Christmas in the Rio Grande Valley is very different to the Christmases I knew growing up on the Hertfordshire-Essex border in southeast England, but it comes with its own unique and wonderful traditions – waiting in line with half the town to collect a delicious order of tamales from Delia’s, taking in a movie on the afternoon of Christmas Day, driving around to look at the most opulently decorated houses and streets, and of course attending bilingual English/Spanish Mass (complete with Mariachi music) at the local Catholic church or at the Basilica of Our Lady of San Juan del Valle.

And of course there are the many unifying factors too, common to Christmas in Britain and America – coming together as a family, sharing a Christmas meal (including a smoked turkey over here), opening presents, making the day extra special for the children.

While I enjoy celebrating with my wife’s family here in the Rio Grande Valley of Texas I also think of my dear family back home in England, including those who are sadly no longer with us but who had such a formative influence on me – particularly my grandparents and an aunt who did so much to make each Christmas special.

And of course I think of all of you, my growing family of readers on this blog. We agree, we argue, we (mostly) remain civil while passionately arguing our cases, we educate one another – or at least, you all educate me. I have a long reading list of new books and academic papers suggested by many of you which I hope to read in 2017 and a forthcoming New Year’s Resolution to read as many of them as possible, and hopefully reflect back a fraction of this distilled wisdom in the future pages of this blog.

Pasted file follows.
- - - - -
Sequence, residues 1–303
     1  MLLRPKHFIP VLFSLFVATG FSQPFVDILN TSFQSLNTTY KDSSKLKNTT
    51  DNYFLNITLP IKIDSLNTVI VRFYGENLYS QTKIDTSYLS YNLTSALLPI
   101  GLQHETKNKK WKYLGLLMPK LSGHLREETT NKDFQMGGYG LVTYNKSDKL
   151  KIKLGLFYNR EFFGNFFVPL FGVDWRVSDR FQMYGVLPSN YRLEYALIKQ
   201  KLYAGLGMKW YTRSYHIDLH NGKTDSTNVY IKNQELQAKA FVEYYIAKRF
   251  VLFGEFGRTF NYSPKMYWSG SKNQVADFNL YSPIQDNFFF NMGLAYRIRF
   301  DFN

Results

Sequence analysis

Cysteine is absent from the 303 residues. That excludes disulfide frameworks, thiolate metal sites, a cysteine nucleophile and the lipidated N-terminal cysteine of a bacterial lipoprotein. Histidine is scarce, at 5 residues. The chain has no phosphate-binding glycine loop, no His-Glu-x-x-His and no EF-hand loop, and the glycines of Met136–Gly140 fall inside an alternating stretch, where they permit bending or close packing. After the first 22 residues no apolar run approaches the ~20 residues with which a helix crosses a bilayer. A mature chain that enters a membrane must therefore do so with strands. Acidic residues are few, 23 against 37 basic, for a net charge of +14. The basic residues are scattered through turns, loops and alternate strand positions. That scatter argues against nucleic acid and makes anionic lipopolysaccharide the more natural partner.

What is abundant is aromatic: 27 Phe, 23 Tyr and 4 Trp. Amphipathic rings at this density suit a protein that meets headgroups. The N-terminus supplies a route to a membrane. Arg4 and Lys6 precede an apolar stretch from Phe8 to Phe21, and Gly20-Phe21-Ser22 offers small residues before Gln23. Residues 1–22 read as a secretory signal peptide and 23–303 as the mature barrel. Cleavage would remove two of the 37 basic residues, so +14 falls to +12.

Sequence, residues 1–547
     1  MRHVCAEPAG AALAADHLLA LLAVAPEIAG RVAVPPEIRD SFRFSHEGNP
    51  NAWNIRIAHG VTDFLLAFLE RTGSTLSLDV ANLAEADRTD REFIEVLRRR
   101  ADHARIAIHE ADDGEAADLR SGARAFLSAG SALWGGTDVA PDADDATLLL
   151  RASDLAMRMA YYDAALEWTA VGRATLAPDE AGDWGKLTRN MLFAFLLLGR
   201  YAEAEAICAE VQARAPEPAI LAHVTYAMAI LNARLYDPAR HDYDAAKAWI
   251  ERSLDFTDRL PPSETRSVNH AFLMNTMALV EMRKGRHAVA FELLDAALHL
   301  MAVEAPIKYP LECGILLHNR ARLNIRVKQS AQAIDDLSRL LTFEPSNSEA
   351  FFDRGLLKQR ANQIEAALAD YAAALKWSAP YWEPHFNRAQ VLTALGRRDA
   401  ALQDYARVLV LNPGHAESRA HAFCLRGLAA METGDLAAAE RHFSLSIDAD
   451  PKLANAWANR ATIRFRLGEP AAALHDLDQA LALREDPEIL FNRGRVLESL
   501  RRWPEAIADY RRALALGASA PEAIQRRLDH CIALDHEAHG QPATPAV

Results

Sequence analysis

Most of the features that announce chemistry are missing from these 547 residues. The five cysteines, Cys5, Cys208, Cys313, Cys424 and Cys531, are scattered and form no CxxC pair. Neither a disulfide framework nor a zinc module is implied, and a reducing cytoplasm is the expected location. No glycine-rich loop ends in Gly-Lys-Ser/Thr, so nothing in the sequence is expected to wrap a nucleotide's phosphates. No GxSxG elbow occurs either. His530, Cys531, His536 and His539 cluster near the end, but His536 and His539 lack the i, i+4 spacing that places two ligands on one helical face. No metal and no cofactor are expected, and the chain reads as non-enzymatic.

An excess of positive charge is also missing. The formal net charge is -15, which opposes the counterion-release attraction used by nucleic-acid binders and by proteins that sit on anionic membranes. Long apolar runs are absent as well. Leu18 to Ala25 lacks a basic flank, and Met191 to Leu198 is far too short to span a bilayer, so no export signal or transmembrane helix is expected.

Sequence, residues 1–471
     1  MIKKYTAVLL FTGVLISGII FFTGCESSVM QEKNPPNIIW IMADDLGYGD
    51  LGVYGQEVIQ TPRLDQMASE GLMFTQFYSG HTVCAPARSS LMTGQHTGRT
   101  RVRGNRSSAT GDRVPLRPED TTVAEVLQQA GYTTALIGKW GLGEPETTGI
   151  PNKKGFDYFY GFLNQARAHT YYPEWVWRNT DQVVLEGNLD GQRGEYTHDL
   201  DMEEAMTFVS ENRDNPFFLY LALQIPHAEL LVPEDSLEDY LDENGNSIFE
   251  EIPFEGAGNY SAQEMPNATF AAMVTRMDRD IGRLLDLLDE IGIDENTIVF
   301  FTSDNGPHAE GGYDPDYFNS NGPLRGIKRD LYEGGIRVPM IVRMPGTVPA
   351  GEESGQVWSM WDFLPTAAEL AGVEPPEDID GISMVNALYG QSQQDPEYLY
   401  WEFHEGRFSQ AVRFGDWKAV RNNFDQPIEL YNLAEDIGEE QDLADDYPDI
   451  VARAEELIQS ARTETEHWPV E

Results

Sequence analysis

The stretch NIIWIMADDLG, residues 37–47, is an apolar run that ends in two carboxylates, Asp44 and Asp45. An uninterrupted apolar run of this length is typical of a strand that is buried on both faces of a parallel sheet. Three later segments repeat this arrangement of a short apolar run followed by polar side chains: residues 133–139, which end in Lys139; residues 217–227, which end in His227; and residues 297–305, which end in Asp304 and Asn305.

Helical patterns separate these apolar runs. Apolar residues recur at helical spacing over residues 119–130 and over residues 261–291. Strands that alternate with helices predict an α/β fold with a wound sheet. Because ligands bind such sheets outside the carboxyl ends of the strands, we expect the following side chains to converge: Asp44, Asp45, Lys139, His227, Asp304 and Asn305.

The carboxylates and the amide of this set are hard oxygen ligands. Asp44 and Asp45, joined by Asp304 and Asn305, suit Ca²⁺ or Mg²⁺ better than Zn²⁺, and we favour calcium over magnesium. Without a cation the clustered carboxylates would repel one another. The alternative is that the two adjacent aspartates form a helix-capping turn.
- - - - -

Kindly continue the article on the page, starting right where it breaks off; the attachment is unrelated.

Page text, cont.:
To all those who are celebrating this weekend, I wish you a very Merry Christmas.



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Music For The Day

“The Little Road To Bethlehem”, by Michael Head (words by Margaret Rose).

One of my favourite Christmas carols, sung here by the choir of Wells Cathedral, with Robert Karlsson-Bourke taking the solo part.

Another lovely recording here.


As I walked down the road at set of sun,
The lambs were coming homeward one by one.
I heard a sheepbell softly calling them,
Along the little road to Bethlehem

Beside an open door as I drew nigh,
I heard sweet Mary sing a lullaby.
She sang about the lambs at close of day,
And rocked her tiny King among the hay

Across the air the silver sheepbells rang.
‘The lambs are coming home’, sweet Mary sang.
‘Your star of gold, your star of gold is shining in the sky.
So sleep, my little King, go lullaby.’

As I walked down the road at set of sun,
The lambs were coming homeward one by one.
I heard a sheepbell softly calling them,
Along the little road to Bethlehem



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Music For The Day

A Christmas Carol

Christmas carol “In The Bleak Midwinter“, written by Christina Rossetti, in the Harold Darke arrangement performed here by the choir of King’s College, Cambridge.

This arrangement of this carol was always my late grandfather’s favourite, and one of mine, too. To hear it performed this afternoon by a choir at the Ritz Hotel while enjoying Christmas Afternoon Tea (marking the end of an indulgent weekend stay, but one which I consider fully justified in celebrating our 5th wedding anniversary) was quite special.

And now, back to work…



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You Wouldn’t Buy A Song Praising HMRC, So Stop Worshipping The NHS

NHS Choir - Harriet Nerva

Buying and praising the NHS Choir’s Christmas single is not “harmless fun”. In fact, anyone who truly believes in improving healthcare should see through this complacent, self-congratulatory piece of propaganda